Skip to comments.Astronomy Picture of the Day -- A View from the Zone
Posted on 03/07/2014 8:44:44 PM PST by SunkenCiv
Explanation: Brilliant Venus and the central Milky Way rise in the early morning hours of March 1 in this sea and skyscape. The scene looks out from a beach at Sea Isle City, New Jersey, USA, planet Earth. Of course, Earth orbits well within the solar system's habitable zone, that Goldilocks region not too close and not too far from the Sun where surface temperatures can support liquid water. Similar in size to Earth, Venus lies just beyond the inner boundary of the habitable zone. The watery reflection of light from our inhospitable sister planet is seen along a calm, cold ocean and low cloud bank.
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[Credit & Copyright: Jack Fusco]
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How was this made? That surf in the front must be 1/60 sec. I’m thinking. Also, I see star trails on the left ( at full size ) but not in the Milky Way shot. If I’m right that the Milky Way was a separate shot, the next question is, was it taken at the same place on the same occasion?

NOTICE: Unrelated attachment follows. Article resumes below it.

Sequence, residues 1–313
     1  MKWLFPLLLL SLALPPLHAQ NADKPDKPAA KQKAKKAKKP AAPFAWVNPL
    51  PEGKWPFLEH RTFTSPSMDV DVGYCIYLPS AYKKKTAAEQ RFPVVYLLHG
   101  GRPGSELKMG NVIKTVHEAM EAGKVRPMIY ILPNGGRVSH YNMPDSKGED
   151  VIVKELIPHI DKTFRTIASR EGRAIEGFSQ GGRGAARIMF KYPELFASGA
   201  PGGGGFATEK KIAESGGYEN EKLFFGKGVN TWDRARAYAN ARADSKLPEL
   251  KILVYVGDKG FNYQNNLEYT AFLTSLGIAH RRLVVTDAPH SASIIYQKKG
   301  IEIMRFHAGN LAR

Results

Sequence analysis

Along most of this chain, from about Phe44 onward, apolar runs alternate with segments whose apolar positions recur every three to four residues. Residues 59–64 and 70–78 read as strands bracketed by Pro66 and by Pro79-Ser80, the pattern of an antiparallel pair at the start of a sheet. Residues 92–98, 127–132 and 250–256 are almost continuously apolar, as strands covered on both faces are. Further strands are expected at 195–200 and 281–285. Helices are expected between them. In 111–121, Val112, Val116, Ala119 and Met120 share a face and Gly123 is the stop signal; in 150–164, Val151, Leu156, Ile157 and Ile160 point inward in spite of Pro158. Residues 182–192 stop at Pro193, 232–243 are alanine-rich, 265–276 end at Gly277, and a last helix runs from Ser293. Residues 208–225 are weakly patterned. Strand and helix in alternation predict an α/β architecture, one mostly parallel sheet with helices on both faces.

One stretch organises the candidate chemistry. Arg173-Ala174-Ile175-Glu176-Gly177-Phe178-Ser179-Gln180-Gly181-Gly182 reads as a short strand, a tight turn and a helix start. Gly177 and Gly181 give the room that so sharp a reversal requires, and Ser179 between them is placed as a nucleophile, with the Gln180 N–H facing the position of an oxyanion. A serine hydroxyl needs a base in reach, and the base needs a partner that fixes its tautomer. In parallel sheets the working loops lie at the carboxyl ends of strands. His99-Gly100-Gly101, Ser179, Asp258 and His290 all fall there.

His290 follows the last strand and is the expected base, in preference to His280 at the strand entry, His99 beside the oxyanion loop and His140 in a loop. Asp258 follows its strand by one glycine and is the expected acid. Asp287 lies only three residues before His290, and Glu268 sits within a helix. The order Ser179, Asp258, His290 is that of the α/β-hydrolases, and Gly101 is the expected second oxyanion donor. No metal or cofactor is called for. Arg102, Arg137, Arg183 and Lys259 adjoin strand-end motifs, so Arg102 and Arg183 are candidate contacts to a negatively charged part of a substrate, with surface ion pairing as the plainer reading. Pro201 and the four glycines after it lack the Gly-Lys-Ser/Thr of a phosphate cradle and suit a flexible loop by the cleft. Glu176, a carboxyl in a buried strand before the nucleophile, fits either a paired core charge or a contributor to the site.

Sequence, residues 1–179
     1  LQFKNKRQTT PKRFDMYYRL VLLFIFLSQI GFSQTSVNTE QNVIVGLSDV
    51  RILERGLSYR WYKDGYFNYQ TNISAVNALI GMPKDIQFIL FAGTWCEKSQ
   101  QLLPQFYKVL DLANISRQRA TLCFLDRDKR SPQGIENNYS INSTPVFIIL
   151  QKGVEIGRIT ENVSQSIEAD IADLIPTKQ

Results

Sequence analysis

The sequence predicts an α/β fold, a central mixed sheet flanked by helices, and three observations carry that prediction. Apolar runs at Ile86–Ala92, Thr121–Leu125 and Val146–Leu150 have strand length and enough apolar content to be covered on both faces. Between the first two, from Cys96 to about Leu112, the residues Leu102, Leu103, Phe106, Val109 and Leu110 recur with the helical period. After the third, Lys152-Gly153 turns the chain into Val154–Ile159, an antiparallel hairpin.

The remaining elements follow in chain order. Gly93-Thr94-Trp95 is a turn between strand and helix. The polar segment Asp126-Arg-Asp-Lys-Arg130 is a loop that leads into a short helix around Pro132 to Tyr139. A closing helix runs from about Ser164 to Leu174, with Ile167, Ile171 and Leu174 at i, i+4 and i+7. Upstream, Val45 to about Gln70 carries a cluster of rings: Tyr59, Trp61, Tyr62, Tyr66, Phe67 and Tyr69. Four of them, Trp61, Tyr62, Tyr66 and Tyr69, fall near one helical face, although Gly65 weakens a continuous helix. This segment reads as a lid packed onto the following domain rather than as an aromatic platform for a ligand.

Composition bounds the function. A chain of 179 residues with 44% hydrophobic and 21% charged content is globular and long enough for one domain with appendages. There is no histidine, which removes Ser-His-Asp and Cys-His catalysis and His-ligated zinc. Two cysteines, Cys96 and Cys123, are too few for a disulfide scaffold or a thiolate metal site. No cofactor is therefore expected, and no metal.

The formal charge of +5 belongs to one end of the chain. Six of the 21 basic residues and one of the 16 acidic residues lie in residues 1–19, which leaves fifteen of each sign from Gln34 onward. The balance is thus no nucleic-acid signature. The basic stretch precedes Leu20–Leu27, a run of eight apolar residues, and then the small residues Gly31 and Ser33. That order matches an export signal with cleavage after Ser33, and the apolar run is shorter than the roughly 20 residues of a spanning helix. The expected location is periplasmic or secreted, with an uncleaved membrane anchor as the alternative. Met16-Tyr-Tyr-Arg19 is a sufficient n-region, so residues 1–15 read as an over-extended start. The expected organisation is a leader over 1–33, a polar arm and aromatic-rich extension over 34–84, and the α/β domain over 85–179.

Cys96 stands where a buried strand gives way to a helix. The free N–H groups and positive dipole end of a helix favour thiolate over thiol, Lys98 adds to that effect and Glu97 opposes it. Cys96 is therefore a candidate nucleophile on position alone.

I’m a deeply suspicious person. Can’t help it.
He has some amazing photos.
Yeah, they’re nice, but they lean to the Art side, away from Science. I was more impressed by some English guy who had absolutely amazing photos of Jupiter, with very advanced amateur equipment, of course.
According to my nature, I was deeply suspicious of him too, but I was satisfied that he was doing what he was doing after looking at his web documentation.
He simply manipulates exposure. If it is also artistic, all the better.
Well, it’s a composite. The way I see it, of at least three exposures - skyscape ( including venus ) , deep sky, and foreground. The thing is that the deep sky ( Milky Way ) shot had to be “guided”, that is on a clock at least, to gain the image. Then it had to be merged with the unguided skyscape shot, which shows star trails.
All very artfully and scientifically done. A check with Starry Night shows that the sky scene is accurate. But I’m just saying, be aware of what you’re looking at.